“Cancel Culture” Should be Cancelled

Illustration by Esther Liu | Contributing Illustrator

Noe Padilla
Staff Writer

Over the past few weeks, James Charles, a YouTuber in the beauty community, has been a prevalent topic of discussion throughout the internet, from YouTube, Twitter, to even major news sites — specifically the movement to “cancel” him in response to the recent controversy he was involved in. However, the idea of cancel culture confuses me.

All of the drama surrounding Charles began in the middle of April. After posting a video on his Instagram story promoting SugarBear Hair’s brand of sleeping vitamins, Tati Westbrook, a YouTuber and collaborator on Charles’ channel, responded emotionally in a video on Instagram. Westbrook owns a beauty vitamin company called Halo Beauty, so the fact that Charles promoted a rival company was a probable factor in her response.

On May 10, Westbrook posted a 43-minute video to Youtube expressing frustrations and issues with Charles stemming from the Instagram drama. Within the video, Westbrook accuses Charles of attempting to use his fame and wealth to manipulate straight men into having sexual interactions with him. In addition, Westbrook spoke of a moment when Charles knowingly pursued a straight waiter.

After the internet heard Westbrook’s claims, a movement began to “cancel” Charles. In the span of a weekend, Charles lost approximately three million subscribers. Charles was also condemned on a multitude of social media platforms and lost his partnership with Killer Merch.

Since then, he has released a response video revealing that the waiter Westbrook referred to in her video was actually bi-curious at the time, and messaged Charles first.

Personally, I believe that some of Charles’s hate has been misguided, and purely the result of a specific type of cancel culture that treats conjecture as fact.

Cancel culture is a complex issue, but fundamentally, cancel culture involves “dumping” or withdrawing from a celebrity or social media influencer who commits an act that social media users deem immoral.

Examples of cancelling include mass unsubscribing to a YouTuber, getting a celebrity kicked off a show, or requesting companies stop promoting materials related to the person in question.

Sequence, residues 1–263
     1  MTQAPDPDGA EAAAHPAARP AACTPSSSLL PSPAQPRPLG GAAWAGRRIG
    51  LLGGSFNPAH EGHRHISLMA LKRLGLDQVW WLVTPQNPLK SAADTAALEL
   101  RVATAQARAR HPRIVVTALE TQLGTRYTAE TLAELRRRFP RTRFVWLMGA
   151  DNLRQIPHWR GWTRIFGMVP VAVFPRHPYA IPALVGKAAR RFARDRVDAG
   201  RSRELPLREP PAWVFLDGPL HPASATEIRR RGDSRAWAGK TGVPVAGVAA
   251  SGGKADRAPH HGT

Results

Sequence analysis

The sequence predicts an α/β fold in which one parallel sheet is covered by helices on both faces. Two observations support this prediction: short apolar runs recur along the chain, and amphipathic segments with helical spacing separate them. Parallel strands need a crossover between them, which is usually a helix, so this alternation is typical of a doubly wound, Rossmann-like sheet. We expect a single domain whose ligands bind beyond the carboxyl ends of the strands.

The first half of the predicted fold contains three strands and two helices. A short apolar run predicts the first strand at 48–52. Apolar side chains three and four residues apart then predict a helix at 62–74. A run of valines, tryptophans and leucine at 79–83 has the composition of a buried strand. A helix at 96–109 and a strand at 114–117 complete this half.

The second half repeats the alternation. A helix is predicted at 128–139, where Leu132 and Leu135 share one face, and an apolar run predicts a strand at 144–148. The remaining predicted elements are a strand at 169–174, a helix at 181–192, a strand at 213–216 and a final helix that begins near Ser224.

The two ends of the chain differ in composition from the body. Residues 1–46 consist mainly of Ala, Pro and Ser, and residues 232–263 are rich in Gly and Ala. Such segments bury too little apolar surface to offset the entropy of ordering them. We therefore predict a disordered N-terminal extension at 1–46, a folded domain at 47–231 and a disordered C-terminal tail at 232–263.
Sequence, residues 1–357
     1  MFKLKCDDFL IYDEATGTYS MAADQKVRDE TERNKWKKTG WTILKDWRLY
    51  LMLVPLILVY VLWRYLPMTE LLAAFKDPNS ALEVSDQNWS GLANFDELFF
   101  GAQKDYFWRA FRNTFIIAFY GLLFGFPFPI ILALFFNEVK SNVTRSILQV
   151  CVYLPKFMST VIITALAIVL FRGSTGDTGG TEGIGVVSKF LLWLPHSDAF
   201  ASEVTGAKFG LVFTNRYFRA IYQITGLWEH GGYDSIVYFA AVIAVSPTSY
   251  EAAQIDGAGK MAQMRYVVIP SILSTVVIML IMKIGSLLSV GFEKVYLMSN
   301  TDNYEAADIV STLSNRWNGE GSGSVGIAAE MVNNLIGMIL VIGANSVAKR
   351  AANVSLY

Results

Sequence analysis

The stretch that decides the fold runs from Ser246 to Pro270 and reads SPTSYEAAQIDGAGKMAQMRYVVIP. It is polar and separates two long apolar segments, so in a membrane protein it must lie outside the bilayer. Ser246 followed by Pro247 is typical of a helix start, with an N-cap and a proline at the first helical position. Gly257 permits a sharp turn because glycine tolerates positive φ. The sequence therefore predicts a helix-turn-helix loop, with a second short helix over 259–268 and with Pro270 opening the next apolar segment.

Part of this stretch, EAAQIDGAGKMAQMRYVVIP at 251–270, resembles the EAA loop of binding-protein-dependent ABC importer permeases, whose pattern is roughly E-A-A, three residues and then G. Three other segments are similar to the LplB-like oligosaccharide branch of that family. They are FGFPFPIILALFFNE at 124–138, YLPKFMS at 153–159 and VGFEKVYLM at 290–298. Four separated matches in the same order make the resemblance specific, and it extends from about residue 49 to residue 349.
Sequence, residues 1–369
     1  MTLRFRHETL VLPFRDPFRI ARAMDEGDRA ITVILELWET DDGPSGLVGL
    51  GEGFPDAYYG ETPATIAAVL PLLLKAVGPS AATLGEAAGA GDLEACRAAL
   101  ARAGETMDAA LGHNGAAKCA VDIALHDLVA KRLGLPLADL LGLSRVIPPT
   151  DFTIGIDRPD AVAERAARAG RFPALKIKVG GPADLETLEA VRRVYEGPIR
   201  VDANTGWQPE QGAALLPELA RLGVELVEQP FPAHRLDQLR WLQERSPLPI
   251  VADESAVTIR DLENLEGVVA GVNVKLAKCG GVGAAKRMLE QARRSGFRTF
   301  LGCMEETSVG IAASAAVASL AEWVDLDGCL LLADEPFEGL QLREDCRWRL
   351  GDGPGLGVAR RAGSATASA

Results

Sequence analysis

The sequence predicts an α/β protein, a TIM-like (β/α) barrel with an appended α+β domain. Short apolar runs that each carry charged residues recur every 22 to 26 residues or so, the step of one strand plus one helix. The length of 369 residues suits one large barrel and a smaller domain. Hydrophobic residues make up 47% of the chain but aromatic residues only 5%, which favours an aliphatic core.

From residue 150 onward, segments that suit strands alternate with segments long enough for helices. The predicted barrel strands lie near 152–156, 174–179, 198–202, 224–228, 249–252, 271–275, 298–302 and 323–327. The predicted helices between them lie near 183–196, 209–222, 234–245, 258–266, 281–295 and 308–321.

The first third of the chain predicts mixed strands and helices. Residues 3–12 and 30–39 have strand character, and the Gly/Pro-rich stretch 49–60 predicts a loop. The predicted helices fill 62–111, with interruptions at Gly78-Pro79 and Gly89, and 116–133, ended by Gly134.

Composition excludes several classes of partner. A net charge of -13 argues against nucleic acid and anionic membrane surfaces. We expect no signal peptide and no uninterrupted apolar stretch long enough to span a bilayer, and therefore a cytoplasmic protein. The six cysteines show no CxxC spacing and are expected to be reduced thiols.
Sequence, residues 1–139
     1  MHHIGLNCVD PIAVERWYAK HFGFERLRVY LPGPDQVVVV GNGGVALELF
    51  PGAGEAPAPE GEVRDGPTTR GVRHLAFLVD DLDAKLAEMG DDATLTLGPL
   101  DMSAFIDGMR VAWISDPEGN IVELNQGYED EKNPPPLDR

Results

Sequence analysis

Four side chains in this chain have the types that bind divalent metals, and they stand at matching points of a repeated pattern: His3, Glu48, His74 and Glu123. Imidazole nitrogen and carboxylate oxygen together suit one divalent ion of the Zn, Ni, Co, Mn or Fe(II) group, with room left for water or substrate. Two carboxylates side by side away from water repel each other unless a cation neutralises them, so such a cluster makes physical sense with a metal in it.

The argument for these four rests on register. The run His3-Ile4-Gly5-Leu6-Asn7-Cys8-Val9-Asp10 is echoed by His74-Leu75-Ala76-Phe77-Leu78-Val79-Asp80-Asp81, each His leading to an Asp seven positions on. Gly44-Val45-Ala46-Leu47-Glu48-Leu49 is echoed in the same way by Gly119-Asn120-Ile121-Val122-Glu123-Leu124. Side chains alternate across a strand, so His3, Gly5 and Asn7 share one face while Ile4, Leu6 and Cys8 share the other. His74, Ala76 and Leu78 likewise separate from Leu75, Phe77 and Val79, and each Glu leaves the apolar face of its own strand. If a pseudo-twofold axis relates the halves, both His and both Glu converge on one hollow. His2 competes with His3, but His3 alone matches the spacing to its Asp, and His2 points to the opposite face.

I understand that the idea of cancel culture is meant to give users the power to express their belief on an issue, but I personally can’t find the same through line of immorality in this case that is present in other cases.

The idea that the internet would try to cancel an individual purely based on allegations seems hard to justify. When the internet found out about the scandal, it didn’t wait for a response from Charles before deeming him guilty in the court of public opinion.

The conflict between Charles and Westbrook could have easily been solved privately. Although some of the allegations are serious, like his alleged predatory behavior towards straight men, I don’t believe that this was the main purpose of Westbrook’s video.

I believe that the original intention of the video was to hurt Charles and the allegations were just a byproduct of her frustration. But, these allegations that have caused most of the backlash towards James Charles, and that’s what I find most perplexing.  

When I think of an individual who has been justifiably cancelled, people who come to mind would be Logan Paul, whose choice to film in a “suicide forest” was almost universally considered immoral.

There are other cases of “cancellation” in which individuals get accused of a serious immoral acts, but in the end will be justifiably cancelled based on proven evidence. Individuals who fall into this category would be vloggers like Projared. In Projared’s case, his ex-wife accused him of cheating and soliciting inappropriate photos from individuals online, claiming that she had evidence to back up her claim.

What irks me about the James Charles situation is how the internet treated it. From what I could tell, the internet justified cancelling Charles by arguing that Westbrook’s accusation of Charles was true, based on her claims that seemed like credible evidence, when in reality her claims were more based on conjecture.

I don’t believe James Charles’ cancellation was justifiable. Regardless of whether Charles is a good person or not, I believe that the internet wrongfully put him on trial in the court of public opinion.

Although I don’t agree with the notion of individuals being judged based on the court of public opinion, I at least understand why it happens. “Canceling” is the internet’s way of trying to determine what is morally right or wrong on the internet, but a major issue I have with it is its willingness to perceive opinions as facts. If someone is to be deemed guilty of an action, it should at least be based in fact and not opinion.